AMERICAN pharmaceuticals company Turing Pharmaceuticals has been met with controversy after it increased the cost of one of its recently-acquired prescription drugs Daraprim, which people living with AIDS use, from $13.50 USD  per pill to $750 USD per pill.

Daraprim is a prescription drug used by doctors who treat patients with AIDS and cancer to combat a parasite that attacks people with a weakened immune system.

The parasite, known as the toxoplasma, comes from eating under-cooked meat, cooking with contaminated knives and boards, drinking unclean water or contact with infected cat feces.

Daraprim fights toxoplasmosis, the second most common food-borne disease, which can easily infect people whose immune systems have been weakened by AIDS, chemotherapy or even pregnancy, according to the Centers for Disease Control.

The drug, which has been around 62 years, is available in Australia as a generic for $25 per box of 50.

The founder and chief executive of the New York-based Turing Pharmaceuticals, Martin Shkreli, told The New York Times that the price increase of Daraprim in the US would affect only a small number of people, citing the rare use of the drug as the reason.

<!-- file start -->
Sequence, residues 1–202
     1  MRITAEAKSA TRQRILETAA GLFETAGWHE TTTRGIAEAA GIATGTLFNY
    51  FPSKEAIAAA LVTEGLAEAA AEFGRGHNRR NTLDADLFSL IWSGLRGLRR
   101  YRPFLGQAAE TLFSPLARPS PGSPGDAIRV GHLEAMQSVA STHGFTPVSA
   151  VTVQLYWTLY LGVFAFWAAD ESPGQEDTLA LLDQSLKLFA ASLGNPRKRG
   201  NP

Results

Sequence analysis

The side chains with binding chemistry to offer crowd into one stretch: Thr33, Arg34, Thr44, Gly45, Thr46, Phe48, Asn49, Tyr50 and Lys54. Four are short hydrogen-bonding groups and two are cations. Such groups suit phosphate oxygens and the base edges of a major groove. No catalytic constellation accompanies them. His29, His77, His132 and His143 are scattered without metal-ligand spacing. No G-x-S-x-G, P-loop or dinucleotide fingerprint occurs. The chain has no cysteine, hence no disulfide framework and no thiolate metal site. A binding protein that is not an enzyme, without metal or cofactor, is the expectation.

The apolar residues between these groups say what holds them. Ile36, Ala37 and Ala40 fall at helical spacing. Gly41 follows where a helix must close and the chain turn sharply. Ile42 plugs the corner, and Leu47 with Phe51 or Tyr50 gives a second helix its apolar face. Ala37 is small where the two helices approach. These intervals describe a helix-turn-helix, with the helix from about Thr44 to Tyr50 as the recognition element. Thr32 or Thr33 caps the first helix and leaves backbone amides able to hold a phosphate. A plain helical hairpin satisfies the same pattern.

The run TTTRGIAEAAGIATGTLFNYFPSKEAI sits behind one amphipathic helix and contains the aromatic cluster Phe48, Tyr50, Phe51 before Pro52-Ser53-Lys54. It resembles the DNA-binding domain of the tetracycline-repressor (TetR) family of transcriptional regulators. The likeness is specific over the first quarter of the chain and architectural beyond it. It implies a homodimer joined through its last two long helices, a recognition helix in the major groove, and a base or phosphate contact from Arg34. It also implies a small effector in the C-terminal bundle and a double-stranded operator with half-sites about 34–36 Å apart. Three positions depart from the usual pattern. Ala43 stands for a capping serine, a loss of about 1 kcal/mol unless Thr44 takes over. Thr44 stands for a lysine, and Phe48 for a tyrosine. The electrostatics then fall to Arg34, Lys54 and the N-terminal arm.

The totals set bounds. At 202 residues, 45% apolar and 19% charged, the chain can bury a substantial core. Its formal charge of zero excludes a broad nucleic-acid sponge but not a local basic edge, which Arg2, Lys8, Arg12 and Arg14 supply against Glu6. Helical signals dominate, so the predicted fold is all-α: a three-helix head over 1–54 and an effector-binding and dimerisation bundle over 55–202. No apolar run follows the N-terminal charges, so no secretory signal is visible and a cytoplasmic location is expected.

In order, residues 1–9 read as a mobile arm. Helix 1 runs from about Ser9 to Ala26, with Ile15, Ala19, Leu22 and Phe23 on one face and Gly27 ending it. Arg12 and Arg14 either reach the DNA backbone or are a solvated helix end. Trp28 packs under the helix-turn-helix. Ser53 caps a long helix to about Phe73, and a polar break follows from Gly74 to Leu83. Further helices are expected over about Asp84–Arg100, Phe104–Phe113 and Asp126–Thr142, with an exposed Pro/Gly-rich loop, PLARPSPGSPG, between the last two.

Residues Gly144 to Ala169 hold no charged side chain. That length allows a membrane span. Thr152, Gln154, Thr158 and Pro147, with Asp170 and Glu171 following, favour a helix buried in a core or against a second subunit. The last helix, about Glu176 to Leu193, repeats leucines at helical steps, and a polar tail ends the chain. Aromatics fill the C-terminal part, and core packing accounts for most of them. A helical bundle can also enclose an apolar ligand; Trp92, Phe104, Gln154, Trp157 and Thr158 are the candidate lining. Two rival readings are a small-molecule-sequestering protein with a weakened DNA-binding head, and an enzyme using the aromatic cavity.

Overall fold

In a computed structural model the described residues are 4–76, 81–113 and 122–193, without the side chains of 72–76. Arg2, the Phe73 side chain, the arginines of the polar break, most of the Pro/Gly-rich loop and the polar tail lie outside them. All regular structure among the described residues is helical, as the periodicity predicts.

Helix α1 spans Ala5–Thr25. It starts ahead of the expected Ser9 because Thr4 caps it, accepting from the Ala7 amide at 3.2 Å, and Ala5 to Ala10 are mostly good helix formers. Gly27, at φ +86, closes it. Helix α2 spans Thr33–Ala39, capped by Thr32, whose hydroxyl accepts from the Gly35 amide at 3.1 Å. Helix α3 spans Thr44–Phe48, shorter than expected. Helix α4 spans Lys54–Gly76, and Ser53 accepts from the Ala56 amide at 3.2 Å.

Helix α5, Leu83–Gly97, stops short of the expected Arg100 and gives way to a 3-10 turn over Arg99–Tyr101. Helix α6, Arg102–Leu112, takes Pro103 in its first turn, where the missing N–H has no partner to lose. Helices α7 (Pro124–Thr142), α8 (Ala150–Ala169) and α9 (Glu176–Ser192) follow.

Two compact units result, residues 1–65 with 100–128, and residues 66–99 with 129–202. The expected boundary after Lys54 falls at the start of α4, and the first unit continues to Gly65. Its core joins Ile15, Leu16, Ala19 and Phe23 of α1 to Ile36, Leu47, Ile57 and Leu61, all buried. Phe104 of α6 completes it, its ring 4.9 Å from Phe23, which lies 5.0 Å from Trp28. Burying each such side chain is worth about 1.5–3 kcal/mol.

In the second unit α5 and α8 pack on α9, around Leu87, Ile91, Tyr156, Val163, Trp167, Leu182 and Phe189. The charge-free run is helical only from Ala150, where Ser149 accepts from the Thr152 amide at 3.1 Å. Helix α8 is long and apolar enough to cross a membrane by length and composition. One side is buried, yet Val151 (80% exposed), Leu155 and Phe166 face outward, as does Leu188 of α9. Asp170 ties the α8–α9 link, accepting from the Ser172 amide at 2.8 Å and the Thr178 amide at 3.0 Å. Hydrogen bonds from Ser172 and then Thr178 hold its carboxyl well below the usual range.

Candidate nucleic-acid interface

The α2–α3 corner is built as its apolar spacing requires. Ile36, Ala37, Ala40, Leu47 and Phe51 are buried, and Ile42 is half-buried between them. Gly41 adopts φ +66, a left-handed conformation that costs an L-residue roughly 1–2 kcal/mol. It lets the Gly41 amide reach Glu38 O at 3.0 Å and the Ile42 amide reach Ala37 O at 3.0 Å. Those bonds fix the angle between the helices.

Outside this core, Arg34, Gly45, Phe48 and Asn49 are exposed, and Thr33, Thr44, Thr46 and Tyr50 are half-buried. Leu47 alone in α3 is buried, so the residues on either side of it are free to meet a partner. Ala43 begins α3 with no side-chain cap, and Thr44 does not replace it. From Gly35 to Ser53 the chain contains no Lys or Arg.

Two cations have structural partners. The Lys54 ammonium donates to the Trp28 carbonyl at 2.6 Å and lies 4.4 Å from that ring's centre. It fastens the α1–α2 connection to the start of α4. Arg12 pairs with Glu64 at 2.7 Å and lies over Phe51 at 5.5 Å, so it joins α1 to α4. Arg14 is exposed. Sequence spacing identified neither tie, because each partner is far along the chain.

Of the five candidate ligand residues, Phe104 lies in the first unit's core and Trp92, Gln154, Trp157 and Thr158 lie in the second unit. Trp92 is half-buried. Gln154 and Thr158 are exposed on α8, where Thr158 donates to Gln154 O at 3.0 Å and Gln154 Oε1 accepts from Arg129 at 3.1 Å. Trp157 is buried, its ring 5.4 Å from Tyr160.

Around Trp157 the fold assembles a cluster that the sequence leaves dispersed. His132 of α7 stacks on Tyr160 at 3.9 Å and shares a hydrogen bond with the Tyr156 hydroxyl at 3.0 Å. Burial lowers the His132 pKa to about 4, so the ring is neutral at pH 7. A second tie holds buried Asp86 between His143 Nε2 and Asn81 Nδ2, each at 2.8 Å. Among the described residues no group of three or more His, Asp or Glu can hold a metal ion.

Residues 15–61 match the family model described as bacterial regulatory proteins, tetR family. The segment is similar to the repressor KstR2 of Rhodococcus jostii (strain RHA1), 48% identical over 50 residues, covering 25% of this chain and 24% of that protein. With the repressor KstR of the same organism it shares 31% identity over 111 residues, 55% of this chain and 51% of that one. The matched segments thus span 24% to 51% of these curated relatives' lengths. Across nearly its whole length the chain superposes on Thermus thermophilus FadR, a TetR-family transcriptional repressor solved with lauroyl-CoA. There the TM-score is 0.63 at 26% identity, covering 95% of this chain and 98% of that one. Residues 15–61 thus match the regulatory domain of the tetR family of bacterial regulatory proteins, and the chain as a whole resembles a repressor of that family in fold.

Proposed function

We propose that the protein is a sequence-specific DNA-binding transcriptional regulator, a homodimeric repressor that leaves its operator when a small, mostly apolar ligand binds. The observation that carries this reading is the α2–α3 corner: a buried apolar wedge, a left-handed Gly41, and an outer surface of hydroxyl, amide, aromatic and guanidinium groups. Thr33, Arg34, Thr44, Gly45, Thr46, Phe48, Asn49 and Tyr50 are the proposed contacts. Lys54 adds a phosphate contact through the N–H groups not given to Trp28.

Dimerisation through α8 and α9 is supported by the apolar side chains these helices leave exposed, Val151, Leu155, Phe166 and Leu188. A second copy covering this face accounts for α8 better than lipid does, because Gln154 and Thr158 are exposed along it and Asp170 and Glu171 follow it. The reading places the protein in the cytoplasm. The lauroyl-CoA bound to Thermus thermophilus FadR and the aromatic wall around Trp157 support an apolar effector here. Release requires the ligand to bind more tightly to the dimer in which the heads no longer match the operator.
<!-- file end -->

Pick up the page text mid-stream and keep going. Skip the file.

Shkreli also said the price increase brings Daraprim in line with other drugs for rare diseases and part of the profits would go towards developing better alternative treatments with fewer side effects.

In response to the news, Democrat presidential hopeful Hillary Clinton tweeted her disapproval on the 5455 per cent price increase of the prescription drug:

 

 

Defending his company’s decision to increase the price of Daraprim, Shkreli explained to US news channel CNBC that the price hike was needed for business reasons.

“Turing is a very small company, it’s a new company and we’re not a profitable company,” the chief executive said.

“So for us to try to exist and maintain a profit, I think is pretty reasonable.”

When asked if he would consider lowering the price because “doctors and patient groups are saying they can’t access this drug”, Shkreli responded with one word: “No.”

News of the price increase of Daraprim in the US comes on the back of a growing trend of businesses acquiring old, neglected drugs, often for rare diseases, and turning them into costly “specialty” drugs.

Watch the interview below:

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